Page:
Radick v. Zoning Board of Review

Annotate this Case

125 A.2d 105 (1956)

George RADICK v. ZONING BOARD OF REVIEW OF THE TOWN OF EAST PROVIDENCE.

M.P. No 1166.

Supreme Court of Rhode Island.

August 17, 1956.

*106 Kenneth M. Beaver, Providence, for petitioner.

Sarkis Tatarian, Town Solicitor, Thomas F. Vance, Jr., Pawtucket, for respondent.

ANDREWS, Justice.

This is a petition for certiorari to review the decision of the zoning board of review of the town of East Providence granting an application for a permit under the zoning ordinance of said town. Pursuant to the writ the pertinent records have been certified to this court. It appears therefrom that on December 1, 1955 the Pacific Realty, Inc., the owner of a parcel of land in a commercial district in East Providence at one of the corners made by Willett avenue and Metropolitan Park Drive, applied for a permit to erect a gasoline station on that parcel. The application was made in the name of the realty company to comply with the board's rule that the holder of an option to buy cannot apply for a permit. The holder of the option, Ernest A. Trahan, however, assumed the prosecution of this application.

The testimony was taken stenographically and by agreement of the parties it was substituted for the official record which, however, in the main is a duplicate of the transcript. The petitioner did not testify. The minister of a nearby church was called as a witness, presumably to prove that the entrance to his church was within 200 feet of the property in question, but he failed so to testify. In fact the entrance is on a side street, and at the hearing counsel for petitioner admitted this point was of little significance here. Persons operating or interested in three other gasoline stations located at this corner opposed the application and voiced the obvious objections of competitors. The president of the Kent Corners Improvement Association opposed the granting of this permit on the ground that there are enough problems at that corner without adding another. His main objection was that the increased traffic would endanger children at that location.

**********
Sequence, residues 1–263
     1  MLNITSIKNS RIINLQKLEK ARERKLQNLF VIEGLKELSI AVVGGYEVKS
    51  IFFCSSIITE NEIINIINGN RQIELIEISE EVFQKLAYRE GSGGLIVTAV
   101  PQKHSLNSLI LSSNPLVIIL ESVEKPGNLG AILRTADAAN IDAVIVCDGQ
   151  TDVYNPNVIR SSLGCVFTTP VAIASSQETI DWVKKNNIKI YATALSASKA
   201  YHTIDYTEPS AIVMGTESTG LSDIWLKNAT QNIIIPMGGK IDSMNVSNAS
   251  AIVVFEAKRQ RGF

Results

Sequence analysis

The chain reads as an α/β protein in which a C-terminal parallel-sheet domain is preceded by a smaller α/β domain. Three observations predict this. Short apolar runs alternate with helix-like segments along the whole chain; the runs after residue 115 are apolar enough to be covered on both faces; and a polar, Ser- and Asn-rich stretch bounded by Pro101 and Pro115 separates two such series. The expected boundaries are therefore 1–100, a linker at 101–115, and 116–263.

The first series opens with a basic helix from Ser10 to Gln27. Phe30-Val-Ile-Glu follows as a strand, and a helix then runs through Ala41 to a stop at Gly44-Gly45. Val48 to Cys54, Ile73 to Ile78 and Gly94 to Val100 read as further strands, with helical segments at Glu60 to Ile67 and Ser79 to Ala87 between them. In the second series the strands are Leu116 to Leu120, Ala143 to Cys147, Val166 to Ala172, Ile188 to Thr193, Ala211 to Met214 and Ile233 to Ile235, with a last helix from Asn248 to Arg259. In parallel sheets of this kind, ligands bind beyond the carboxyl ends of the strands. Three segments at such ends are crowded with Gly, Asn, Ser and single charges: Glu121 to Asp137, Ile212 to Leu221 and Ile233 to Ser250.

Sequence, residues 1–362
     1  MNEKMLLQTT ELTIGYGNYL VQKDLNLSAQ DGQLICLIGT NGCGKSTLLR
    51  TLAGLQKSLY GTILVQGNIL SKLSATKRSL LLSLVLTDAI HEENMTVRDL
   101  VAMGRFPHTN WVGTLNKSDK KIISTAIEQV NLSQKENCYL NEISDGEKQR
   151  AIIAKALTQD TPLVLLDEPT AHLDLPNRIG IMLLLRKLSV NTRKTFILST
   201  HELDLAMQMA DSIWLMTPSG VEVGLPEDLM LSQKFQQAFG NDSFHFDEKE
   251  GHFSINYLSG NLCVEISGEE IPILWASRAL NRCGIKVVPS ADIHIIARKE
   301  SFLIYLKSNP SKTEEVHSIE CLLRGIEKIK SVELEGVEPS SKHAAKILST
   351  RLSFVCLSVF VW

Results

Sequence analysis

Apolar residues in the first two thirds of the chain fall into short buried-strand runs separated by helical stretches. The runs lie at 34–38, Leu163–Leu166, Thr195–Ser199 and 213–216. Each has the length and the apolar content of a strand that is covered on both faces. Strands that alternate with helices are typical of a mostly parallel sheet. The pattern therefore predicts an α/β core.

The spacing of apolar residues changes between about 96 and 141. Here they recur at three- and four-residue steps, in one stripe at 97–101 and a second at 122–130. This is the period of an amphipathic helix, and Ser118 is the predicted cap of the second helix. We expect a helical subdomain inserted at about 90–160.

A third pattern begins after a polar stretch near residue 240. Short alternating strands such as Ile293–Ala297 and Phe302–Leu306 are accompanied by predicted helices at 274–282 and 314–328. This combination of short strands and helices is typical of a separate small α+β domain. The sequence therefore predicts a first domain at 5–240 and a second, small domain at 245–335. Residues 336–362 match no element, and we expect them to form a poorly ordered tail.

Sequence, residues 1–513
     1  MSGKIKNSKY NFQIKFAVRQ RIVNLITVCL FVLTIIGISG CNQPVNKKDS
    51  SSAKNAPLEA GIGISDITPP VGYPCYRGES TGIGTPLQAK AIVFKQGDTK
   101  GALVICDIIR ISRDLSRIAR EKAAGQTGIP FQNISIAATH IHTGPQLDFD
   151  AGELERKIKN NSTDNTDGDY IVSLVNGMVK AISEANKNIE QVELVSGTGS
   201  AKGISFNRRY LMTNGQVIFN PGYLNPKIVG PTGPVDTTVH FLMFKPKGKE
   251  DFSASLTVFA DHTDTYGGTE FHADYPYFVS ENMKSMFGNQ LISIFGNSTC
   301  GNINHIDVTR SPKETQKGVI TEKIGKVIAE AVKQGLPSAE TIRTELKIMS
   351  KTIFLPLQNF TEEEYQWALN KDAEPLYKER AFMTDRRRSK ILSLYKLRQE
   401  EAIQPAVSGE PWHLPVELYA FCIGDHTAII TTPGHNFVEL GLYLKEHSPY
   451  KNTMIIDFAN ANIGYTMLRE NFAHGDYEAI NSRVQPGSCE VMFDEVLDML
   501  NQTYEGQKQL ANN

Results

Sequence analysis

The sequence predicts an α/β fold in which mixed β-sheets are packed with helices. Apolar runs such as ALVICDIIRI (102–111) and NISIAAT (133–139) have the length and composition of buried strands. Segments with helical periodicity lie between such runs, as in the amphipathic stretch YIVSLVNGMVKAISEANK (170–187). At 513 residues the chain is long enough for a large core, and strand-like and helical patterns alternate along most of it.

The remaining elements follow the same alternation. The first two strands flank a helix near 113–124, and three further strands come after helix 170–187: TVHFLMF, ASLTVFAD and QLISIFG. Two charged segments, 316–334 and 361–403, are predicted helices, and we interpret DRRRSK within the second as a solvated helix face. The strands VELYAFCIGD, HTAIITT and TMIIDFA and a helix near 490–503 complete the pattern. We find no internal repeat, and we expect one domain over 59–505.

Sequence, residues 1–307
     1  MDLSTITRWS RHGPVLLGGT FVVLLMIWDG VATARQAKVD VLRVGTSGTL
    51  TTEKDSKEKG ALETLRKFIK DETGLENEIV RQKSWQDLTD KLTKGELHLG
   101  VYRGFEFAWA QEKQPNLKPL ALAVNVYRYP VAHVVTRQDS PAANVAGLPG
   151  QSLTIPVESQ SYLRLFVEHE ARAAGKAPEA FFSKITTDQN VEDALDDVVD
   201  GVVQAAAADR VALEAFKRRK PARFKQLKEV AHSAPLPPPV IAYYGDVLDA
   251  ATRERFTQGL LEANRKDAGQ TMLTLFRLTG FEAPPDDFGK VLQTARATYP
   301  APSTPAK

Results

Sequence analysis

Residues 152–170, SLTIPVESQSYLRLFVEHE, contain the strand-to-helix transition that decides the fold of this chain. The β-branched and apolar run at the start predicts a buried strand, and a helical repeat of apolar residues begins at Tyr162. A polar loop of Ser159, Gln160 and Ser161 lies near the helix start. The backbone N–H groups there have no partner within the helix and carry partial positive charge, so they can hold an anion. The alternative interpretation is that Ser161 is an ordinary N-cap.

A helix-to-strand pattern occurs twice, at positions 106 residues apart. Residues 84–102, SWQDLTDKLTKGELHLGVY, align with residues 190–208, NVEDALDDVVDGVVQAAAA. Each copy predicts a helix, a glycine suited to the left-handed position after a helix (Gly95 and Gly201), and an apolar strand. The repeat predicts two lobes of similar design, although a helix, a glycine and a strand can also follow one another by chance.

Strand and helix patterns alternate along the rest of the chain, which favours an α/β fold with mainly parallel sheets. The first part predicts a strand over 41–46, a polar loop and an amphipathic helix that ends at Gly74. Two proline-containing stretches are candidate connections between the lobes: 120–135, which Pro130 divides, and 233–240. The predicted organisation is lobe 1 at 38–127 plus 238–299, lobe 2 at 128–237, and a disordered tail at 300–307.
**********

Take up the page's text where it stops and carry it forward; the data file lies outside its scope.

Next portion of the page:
The option holder made a strong plea for the granting of the application, since it would give him a station of his own, and the evidence showed he was a good businessman. Roy S. Dexter, who was in the outdoor sign business, testified that in his opinion the proposed station would not create any greater traffic problem at this corner than many other businesses which could be located there, and in fact would be much better than some. He also expressed the opinion that this modern station would, in the long run, be an asset to the community. On cross-examination he said: "Let's face it, there are stations on that corner that are hardly what you would call a gas station in today's class." A real estate man testified that the station would do little damage to property values in that area, and that if it were well kept it would be helpful to that corner. The plans call for an up-to-date station.

The board granted the petition saying: "After lengthy discussion, the majority of members felt that there was no additional hazard. No substantial or permanent injury to the neighborhood property and that it is in the interest and general convenience and welfare of the people in the surrounding community that this petition be granted. The members of the Board are acquainted with this prospective location and have used their knowledge of the conditions in this location in arriving at this conclusion."